“I would suggest that your black community, your African American community of professionals that have given leadership since the early 1980s on up to the present, many of them have their positions because of persons like my father who were able to open these doors so they could walk through them,” Hartsfield II said.
Civic leaders and members of his church celebrated Hartfield’s life and accomplishments with a grand 90th birthday party for him last November at Metropolitan.
Cleaver praised Hartsfield in 2007 as “a minister, dedicated community activist, civil servant, and compassionate role model.” He said those accomplishments were recognized through the renaming of the Parkway Post Office at 4320 Blue Parkway as the Wallace S. Hartsfield Post Office Building.
At the official renaming ceremony in January 2008, then-U.S. Sen. Claire McCaskill said Hartsfield was a “big, big deal in the community.” She said that during her time as a Jackson County prosecutor in the 1990s, Hartsfield played a large role in citywide efforts to combat drug houses and drug abuse.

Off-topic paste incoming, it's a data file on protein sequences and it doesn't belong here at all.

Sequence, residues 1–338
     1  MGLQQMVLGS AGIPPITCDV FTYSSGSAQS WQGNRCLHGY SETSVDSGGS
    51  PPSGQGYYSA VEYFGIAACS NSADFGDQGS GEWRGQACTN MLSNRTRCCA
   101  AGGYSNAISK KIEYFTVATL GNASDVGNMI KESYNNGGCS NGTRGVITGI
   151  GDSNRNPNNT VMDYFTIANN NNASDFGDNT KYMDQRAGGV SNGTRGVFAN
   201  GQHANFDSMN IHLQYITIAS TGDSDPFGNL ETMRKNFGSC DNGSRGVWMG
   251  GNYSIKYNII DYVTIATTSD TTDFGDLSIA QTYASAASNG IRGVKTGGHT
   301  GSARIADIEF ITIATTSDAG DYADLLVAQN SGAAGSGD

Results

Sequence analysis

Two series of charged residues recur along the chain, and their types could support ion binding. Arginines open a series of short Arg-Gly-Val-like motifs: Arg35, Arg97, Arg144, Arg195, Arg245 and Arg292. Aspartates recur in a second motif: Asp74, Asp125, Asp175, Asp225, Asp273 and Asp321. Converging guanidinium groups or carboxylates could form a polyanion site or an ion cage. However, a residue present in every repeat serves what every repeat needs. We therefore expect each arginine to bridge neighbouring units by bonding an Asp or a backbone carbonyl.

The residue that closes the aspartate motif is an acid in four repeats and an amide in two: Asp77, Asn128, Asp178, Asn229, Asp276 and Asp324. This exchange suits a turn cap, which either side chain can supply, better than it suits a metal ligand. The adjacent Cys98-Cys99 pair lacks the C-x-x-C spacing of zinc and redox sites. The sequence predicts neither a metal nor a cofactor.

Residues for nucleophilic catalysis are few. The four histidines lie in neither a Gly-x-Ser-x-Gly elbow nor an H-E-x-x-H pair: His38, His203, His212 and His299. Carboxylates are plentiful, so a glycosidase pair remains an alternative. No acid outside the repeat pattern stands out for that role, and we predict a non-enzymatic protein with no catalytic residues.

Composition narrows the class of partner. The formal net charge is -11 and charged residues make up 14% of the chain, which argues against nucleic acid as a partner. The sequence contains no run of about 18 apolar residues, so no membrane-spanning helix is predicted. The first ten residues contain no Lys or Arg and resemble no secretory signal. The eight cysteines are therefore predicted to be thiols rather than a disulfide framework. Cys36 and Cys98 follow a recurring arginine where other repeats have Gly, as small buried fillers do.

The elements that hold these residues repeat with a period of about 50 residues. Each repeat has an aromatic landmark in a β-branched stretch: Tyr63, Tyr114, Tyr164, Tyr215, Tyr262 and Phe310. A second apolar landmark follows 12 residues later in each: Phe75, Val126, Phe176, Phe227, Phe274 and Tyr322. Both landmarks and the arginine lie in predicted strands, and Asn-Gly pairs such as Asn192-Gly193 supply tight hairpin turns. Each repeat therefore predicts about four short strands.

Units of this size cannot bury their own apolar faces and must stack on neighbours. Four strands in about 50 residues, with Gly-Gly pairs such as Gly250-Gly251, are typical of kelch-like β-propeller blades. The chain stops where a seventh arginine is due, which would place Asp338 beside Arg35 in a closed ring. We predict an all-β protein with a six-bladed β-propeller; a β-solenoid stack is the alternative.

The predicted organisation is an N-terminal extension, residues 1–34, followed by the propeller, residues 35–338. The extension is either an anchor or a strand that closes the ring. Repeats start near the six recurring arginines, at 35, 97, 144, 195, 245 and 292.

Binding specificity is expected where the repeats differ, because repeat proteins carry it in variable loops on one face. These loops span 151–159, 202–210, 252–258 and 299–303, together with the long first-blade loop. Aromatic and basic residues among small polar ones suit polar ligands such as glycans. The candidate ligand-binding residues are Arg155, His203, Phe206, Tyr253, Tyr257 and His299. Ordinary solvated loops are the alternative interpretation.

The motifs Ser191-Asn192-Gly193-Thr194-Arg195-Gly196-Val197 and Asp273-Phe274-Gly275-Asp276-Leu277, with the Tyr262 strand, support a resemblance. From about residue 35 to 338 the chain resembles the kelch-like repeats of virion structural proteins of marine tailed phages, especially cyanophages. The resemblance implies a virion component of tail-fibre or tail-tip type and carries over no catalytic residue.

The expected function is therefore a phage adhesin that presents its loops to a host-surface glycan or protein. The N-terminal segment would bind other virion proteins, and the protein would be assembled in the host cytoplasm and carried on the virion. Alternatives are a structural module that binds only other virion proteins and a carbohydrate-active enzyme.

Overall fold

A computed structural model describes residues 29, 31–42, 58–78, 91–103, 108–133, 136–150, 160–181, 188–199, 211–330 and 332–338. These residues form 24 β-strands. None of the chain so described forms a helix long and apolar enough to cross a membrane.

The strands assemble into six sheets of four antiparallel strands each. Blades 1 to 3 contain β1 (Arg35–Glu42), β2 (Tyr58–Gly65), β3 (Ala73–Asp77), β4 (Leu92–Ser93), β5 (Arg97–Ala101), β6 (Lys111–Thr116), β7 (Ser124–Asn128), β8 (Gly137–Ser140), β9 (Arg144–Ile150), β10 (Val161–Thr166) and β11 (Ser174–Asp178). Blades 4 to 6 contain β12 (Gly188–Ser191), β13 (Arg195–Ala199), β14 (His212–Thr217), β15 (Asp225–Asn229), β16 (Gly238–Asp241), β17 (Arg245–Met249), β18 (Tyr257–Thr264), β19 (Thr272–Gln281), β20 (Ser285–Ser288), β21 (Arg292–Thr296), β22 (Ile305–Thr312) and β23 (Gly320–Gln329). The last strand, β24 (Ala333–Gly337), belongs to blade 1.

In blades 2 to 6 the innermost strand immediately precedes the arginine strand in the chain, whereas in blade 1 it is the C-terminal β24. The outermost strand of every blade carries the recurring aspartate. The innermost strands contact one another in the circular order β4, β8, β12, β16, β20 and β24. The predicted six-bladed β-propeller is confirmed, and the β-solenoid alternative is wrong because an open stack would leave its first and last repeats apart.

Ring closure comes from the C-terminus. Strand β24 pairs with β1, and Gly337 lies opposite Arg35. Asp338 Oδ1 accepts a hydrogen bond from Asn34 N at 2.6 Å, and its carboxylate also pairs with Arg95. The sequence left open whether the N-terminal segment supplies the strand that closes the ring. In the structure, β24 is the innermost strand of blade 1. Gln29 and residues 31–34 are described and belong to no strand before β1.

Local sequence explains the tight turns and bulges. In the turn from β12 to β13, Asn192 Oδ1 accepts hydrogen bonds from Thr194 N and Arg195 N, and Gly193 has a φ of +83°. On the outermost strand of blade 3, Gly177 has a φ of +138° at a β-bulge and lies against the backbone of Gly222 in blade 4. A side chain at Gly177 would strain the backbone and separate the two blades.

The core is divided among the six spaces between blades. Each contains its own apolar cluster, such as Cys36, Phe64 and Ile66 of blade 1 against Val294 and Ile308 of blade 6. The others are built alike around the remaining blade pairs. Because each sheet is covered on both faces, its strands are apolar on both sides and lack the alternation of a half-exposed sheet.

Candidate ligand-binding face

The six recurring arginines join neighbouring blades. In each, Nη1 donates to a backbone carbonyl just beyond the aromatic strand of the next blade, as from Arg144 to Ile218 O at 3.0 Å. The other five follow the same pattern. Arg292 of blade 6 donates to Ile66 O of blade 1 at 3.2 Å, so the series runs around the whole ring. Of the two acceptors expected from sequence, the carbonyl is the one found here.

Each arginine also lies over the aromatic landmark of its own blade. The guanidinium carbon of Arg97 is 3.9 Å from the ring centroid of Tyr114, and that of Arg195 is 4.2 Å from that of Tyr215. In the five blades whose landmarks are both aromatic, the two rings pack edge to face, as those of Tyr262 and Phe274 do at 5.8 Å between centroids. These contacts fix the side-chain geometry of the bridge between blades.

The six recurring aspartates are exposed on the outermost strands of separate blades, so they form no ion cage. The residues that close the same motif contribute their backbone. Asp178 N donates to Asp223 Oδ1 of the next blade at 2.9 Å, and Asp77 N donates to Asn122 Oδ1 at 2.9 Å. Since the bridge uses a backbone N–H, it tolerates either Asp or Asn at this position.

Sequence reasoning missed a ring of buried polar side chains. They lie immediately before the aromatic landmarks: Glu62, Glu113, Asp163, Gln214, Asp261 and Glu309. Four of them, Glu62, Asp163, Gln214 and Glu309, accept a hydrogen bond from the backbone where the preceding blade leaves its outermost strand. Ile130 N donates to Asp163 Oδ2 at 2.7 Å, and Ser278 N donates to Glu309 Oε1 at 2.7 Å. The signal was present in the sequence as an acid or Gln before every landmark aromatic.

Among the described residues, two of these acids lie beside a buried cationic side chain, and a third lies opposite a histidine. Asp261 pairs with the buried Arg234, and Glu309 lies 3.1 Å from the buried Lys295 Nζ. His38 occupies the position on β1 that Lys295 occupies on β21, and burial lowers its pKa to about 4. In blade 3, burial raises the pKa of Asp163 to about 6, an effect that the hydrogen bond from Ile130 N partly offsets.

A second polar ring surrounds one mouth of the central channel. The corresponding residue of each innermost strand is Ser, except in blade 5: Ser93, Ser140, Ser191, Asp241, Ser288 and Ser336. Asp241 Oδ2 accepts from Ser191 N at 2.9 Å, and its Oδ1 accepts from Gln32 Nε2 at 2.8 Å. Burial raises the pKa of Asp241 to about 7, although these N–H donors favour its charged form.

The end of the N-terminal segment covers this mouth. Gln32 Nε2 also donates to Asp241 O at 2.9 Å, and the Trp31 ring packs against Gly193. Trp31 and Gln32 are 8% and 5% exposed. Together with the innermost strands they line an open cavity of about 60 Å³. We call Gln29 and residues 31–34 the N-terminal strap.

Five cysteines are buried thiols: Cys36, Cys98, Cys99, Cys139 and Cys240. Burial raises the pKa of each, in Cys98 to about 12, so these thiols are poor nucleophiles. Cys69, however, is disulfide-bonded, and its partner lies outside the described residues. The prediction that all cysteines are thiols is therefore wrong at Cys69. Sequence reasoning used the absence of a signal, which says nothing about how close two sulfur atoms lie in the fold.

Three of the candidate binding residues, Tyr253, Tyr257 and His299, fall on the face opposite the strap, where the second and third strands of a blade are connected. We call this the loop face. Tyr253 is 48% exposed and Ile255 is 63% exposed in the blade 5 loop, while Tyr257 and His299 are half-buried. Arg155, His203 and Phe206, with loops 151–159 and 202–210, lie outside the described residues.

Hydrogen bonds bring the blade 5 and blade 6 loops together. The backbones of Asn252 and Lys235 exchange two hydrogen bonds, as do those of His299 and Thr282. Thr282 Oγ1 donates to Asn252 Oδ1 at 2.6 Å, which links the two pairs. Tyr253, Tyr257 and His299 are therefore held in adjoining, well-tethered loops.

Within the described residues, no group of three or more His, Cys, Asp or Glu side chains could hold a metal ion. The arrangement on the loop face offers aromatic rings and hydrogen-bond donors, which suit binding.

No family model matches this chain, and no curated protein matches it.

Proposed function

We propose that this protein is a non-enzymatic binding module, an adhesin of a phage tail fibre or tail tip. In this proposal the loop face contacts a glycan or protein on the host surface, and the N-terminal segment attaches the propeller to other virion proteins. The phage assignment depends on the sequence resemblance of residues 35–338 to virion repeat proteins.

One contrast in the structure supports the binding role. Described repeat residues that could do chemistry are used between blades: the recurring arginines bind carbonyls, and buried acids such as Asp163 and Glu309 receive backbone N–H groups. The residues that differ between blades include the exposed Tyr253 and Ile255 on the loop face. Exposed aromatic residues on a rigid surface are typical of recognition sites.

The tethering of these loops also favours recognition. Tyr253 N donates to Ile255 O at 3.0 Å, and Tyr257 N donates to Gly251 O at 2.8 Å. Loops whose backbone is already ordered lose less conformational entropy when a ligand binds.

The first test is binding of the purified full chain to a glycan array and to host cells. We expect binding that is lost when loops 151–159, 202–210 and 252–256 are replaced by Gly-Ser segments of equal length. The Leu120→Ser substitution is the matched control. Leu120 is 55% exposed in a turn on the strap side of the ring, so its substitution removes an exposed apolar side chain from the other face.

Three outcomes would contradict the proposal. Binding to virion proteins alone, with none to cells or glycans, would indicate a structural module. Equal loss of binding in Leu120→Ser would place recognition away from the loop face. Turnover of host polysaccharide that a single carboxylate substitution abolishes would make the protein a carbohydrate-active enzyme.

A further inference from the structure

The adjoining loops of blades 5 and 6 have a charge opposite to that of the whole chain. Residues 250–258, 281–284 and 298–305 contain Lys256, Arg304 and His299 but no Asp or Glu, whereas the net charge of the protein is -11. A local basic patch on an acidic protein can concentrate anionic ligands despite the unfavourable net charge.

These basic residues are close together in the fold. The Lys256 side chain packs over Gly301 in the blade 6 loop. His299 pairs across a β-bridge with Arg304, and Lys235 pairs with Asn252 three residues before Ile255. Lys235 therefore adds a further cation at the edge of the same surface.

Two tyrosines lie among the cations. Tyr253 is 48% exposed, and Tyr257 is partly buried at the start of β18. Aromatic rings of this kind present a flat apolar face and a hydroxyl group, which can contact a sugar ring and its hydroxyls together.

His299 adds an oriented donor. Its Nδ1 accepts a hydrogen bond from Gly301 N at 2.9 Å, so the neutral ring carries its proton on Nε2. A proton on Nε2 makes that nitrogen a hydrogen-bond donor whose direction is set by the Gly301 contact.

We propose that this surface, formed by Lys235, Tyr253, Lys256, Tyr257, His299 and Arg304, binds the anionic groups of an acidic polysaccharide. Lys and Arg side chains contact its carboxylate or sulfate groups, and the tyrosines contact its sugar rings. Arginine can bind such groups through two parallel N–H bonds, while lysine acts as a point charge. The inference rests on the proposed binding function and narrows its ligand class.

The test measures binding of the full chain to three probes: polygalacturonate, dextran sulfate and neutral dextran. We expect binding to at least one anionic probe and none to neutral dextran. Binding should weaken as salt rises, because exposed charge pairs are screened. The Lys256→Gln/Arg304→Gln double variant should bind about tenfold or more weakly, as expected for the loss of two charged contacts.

Hartsfield was named “One of the Top 50 Ministers in America” by Upscale Magazine of Atlanta and was also a second vice president of the National Baptist Convention of America. In 1998, he was elected board chairman of the Congress of National Black Churches, representing more than 65,000 churches with more than 20 million members.
In Kansas City, he served as president of the Baptist Ministers Union. He also helped create the Concerned Clergy Coalition in 1992 to fight crime and to work with Kansas City education and business leaders for better schools and job opportunities.
“I believe that economic development in the African American community is the present and the next frontier of civil rights," Hartsfield said in a 1998 interview with The Kansas City Star. "If we don’t have the economic power then we cannot be full participators in the American dream.”
He chaired a successful capital campaign in the 1990s to raise millions of dollars to expand and improve the Swope Parkway Health Center, which provided high quality health care services to needy citizens. In 2004, he was appointed to the Missouri Highway Commission by then-Gov. Bob Holden.
Reflecting on his life in 2007, Hartsfield Sr. said key accomplishments had been developing housing for low-to-moderate-income people and helping urban core residents become homeowners. “We’ve bought property to build new homes and have helped older persons hold on to their homes,” he told the Star.